Good help is available

Mary, UK - bdamselfly@btinternet.com

Posted 2014-01-12

For a year from September 2011 I was renovating my home which involved heavy lifting and sitting in awkward positions. At the end of September 2012 I felt a presence in the perineum and within a few days my whole pelvic area was very swollen and I could not sit down or move without great pain. My GP's initial diagnosis was cystocele and rectocele. In November a Gynaecologist confirmed this was not the case. After a clear ultrasound of the pelvis in January 2013, I was very frustrated with the lack of a diagnosis or help so I visited a private health clinic. A second Gynaecologist arranged a pelvic and full lower spine MRI. He suspected trapped nerves and spinal referred pain. The report showed moderate degenerative changes to the lumbar spine, with disc dehydration, minor osteophyte formation and minor Modic endplate change. Small disc herniation at L4/5 and L5/S1, as well as L5/S1 impingement of the traversing right S1 nerve root. There was no mention of the coccyx although it had been requested and scanned.

In February saw an Orthopaedic Surgeon, who advised my coccyx was very long and pointed into the body. He administered a Bipivocaine and Triamcinolone injection into the sacro-coccygeal joint. This was the first time I was pain free since September 2012. On sitting the area between my legs would go numb and this would disappear on standing. Within three weeks most of the pelvic pain had returned but thankfully not the pain when lowering or raising from the sitting position. I started treatment with my Physiotherapist with general improvements within the spinal area and with great mental support. I started standing as much as possible, wearing loose clothing and trying to be as active as possible. During my follow up visit with the Orthopaedic Surgeon, more injections and ultimately an operation to remove my coccyx were discussed as a way forward. Following this I was offered a nerve block injection by a Spinal Surgeon.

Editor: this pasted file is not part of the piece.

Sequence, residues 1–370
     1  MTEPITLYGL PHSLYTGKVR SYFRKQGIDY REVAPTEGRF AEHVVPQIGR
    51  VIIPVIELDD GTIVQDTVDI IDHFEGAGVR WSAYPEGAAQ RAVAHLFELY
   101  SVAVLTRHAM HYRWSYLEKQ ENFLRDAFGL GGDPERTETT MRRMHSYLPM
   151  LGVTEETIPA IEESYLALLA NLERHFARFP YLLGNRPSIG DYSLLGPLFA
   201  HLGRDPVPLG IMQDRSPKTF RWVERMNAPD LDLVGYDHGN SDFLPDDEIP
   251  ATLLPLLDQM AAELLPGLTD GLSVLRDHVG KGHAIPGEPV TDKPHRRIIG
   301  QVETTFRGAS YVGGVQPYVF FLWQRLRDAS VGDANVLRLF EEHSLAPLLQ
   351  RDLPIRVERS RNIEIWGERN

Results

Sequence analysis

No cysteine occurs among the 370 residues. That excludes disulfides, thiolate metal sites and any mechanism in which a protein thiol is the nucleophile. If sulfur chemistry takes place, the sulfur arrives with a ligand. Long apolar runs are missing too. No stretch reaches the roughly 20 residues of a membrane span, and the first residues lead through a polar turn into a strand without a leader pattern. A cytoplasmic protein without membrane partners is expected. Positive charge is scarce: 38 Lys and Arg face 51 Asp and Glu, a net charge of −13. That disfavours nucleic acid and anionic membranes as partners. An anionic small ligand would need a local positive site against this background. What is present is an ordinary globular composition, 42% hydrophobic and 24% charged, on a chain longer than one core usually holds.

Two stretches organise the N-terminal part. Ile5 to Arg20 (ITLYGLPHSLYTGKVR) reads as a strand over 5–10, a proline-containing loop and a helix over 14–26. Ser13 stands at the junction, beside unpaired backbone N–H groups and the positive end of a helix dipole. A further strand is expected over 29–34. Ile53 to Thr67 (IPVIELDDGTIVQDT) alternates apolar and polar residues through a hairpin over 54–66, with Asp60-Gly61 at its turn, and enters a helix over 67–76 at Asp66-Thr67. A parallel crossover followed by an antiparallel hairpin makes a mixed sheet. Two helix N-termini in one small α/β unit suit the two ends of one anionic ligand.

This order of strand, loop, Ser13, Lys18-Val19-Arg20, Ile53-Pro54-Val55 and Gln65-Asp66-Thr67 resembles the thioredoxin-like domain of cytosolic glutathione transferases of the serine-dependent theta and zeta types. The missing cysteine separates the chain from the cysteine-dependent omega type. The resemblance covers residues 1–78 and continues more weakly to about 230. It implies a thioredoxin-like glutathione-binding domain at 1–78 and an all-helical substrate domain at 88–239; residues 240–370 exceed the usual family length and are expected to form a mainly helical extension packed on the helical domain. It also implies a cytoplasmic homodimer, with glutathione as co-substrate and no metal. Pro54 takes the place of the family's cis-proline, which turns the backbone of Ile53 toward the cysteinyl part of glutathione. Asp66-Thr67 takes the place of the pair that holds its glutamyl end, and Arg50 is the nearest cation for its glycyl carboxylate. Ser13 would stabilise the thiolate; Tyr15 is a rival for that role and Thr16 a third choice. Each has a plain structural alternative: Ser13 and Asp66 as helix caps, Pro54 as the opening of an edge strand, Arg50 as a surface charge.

As both specialists were not 100% sure of the actual problem or if the procedures would be successful I felt very low; but the coccyx site was a lifeline and helped me refocus. My aim was to get a full diagnosis and treatment, not just pain relief.

In September 2013, Michael Durtnall, Chiropractic Back Pain Specialist (see Doctors and specialists in the UK, London), diagnosed my whole spine and started treatment on the first visit. After this visit, the throbbing in my back which would wake me up several times a night diminished. The tingling and numbness in my feet (parasthesia) was next to disappear. Followed by the numbness in between the legs on sitting (referred neuralgia). The movement of the coccyx on bending and leaning forward, and the subsequent pain, is now 80% better. Michael states that I now have a functional range of movement in the coccyx. The pelvic pain internally is now 80%+ improved (obturatus internus to hip joint plus naval to pubic bone). I still find it painful to be in the sitting position however the pain is much reduced and localised. Michael has shown me how to sit forward to reduce the pressure on the spine. With cushions adjusted to a v-shape I can manage to sit to enjoy a meal or a short TV program; I can lean forward to load the washing machine and I can bend down to pick something up without pain for the rest of the day. Standing and walking as much as possible (3 miles on most days) and wearing very loose clothing around the whole pelvic area have helped to reduce my discomfort.

My expectations were very low when I arrive in Michael's clinic but after 10 treatments I have most of my physical life back and I am still getting better. Yes, the external massage and internal manipulations are embarrassing but they are performed by a professional in a private and dignified way. They are a solution to the actual problem and are certainly worth a try before an operation. I cannot thank Michael enough for helping me and other people with this type of problem.

Mary

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